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Feds kept First Nations in the dark about significant changes to post-secondary education program

Lack of consultation, delays and disruption a snapshot of AANDC indifference to First Nations' concerns

by J.W. Coady

Feds kept First Nations in the dark about significant changes to post-secondary education program
On April 10th, 2014, the federal Conservatives introduced their much-proclaimed legislation on First Nations education, the First Nations Control of First Nations Education Act. Just a month earlier, Louis John Diabo learned that the federal government had removed First Nations’ control over an important First Nations post-secondary education program.
 
Diabo, director of Finance Operations at the Education Center in Kahnawà:ke, had been invested in pressing the government for updates on the Indian Studies Support Program (ISSP) since December. The proposal-based funding program, which was designed to assist institutions in delivering college- and university-level courses to First Nations and Inuit students, had been managed by the First Nations Education Council until April 2013, when the federal government abruptly decided to rescind its control. But despite repeated demands from the Council and member communities like Kahnawà:ke for clarification on the rationale for the decision and the future of the program, none would be forthcoming.
 
Then, on that day in March in 2014, through a cursory visit to the Aboriginal Affairs and Northern Development Canada (AANDC) website, Diabo learned that the program had been replaced by the ‘Post-Secondary Partnerships Program (PSSP).'
 
In keeping with the name change, First Nations and Inuit education organizations and First Nations post-secondary institutions were now expressly barred from applying for funds on their own initiative; henceforth, they would have to find partners in Canadian post-secondary institutions in order to receive funding for their programs.
 
Diabo was shocked. The changes were made without any consultation or notice; not Diabo, nor any other representative of First Nations Education Council, had any inkling that they were coming. The government had already taken away the FNEC’s management of ISSP proposals; now, the removal of First Nations education organizations and post-secondary institutions as eligible recipients meant that the process would no longer be driven by First Nations communities.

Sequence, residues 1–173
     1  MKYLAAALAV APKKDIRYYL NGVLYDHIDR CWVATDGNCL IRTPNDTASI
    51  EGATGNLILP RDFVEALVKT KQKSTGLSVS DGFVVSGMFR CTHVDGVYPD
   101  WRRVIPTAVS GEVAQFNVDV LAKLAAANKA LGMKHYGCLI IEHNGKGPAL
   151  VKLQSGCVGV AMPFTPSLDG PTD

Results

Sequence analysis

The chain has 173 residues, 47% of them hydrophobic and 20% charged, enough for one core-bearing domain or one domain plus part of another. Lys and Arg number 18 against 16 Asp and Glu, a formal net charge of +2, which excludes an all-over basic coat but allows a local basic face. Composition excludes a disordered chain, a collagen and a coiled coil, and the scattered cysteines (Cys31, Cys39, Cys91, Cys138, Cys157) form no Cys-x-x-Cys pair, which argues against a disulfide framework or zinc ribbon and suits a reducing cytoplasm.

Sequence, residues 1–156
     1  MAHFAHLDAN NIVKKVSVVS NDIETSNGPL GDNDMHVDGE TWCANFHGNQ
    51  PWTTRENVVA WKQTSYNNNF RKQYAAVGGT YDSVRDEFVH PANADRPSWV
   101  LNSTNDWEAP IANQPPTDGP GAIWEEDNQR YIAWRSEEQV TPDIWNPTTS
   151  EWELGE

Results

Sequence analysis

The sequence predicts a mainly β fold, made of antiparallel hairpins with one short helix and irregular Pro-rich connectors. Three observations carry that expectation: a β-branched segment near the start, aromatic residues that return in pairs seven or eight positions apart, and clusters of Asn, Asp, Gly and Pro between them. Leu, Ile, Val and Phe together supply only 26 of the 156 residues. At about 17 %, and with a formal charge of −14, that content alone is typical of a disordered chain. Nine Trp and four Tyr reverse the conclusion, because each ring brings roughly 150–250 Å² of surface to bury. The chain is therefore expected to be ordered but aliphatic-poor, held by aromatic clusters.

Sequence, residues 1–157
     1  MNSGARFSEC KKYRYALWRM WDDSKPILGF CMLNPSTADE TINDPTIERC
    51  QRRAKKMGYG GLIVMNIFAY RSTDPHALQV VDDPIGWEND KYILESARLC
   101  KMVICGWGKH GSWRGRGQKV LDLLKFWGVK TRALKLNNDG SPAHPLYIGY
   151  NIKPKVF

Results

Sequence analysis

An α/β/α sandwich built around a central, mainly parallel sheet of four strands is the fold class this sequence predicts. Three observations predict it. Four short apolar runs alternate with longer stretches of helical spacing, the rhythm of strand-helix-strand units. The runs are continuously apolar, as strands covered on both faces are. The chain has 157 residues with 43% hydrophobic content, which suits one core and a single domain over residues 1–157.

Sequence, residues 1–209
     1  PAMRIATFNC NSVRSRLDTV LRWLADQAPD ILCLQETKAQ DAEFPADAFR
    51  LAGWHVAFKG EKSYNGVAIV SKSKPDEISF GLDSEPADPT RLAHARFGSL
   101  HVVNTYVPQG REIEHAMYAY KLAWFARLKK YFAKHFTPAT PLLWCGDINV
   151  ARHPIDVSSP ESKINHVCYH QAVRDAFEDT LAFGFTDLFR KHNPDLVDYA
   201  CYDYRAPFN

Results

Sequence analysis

The change created a logistical nightmare: In the previous months, working under the assumption that the status quo ante would continue to apply, the FNEC and its member communities had invested significant time and resources in preparing students for the upcoming semester. Several multi-year projects had already been approved under the old guidelines. All of a sudden, the status of these projects was put in doubt.
 
In Diabo’s case, 31 students were affected. They were enrolled under an ISSP program, the Certificate in Education for First Nations and Inuit, previously approved for 2013-2014. In previous years, the Kahnawake Education Center had partnered with McGill University to run variations of the program. This year it was to be a teacher training course with a tie-in to the Mohawk language. The education counselor had already begun working with the students, advising them and preparing them for the upcoming semester. Their classes were to start in late August.
 
Diabo immediately contacted the regional AANDC office to demand some answers and express his outrage at the change. “We contacted them, and they said, 'No, we don’t know anything about it,'"says Diabo. “They claimed they were learning about it just as quickly as we were. The press release came out a week later.”
 
In a follow-up email to the regional AANDC office, Diabo reiterated his community’s concerns, while serving notice of the Education Center’s intention to move forward with the year-two proposal for the Teacher Certification Training program with McGill University in spite of the changes, and with the expectation of full support from AANDC due to the ‘unacceptable way’ they were enacted.
 
“The alarming news that you are taking the program AWAY from First Nations and giving it to non-Native Post-secondary Institutions (encouraged to partner with us, but not required to) is a major policy change and affects the 31 students that we have enrolled […],” he wrote. “These are people’s lives and careers we are dealing with here, and I am quite appalled at the fashion in which AANDC has done this, which is consistent with everything the federal government has been doing recently in relation to First Nations education.”
 
Shortly after receiving news of the changes, the Kahnawake Education Center organized a meeting with McGill to discuss their options. It was decided that they would write the proposal together, and that McGill would submit it under the new guidelines.